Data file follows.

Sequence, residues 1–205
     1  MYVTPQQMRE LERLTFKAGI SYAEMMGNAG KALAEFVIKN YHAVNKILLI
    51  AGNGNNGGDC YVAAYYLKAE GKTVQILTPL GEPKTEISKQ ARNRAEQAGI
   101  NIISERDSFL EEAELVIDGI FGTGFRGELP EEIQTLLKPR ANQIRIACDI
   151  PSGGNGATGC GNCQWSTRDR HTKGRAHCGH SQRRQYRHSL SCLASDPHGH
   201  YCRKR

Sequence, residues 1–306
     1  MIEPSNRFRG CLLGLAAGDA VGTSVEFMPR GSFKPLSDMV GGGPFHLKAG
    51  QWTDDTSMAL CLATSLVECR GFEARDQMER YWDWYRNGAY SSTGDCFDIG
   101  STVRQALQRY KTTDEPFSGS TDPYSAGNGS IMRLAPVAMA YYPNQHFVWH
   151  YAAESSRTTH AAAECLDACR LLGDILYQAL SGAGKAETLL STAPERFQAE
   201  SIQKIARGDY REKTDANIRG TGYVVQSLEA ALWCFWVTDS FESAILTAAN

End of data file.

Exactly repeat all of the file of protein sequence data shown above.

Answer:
Sequence, residues 1–205
     1  MYVTPQQMRE LERLTFKAGI SYAEMMGNAG KALAEFVIKN YHAVNKILLI
    51  AGNGNNGGDC YVAAYYLKAE GKTVQILTPL GEPKTEISKQ ARNRAEQAGI
   101  NIISERDSFL EEAELVIDGI FGTGFRGELP EEIQTLLKPR ANQIRIACDI
   151  PSGGNGATGC GNCQWSTRDR HTKGRAHCGH SQRRQYRHSL SCLASDPHGH
   201  YCRKR

Sequence, residues 1–306
     1  MIEPSNRFRG CLLGLAAGDA VGTSVEFMPR GSFKPLSDMV GGGPFHLKAG
    51  QWTDDTSMAL CLATSLVECR GFEARDQMER YWDWYRNGAY SSTGDCFDIG
   101  STVRQALQRY KTTDEPFSGS TDPYSAGNGS IMRLAPVAMA YYPNQHFVWH
   151  YAAESSRTTH AAAECLDACR LLGDILYQAL SGAGKAETLL STAPERFQAE
   201  SIQKIARGDY REKTDANIRG TGYVVQSLEA ALWCFWVTDS FESAILTAAN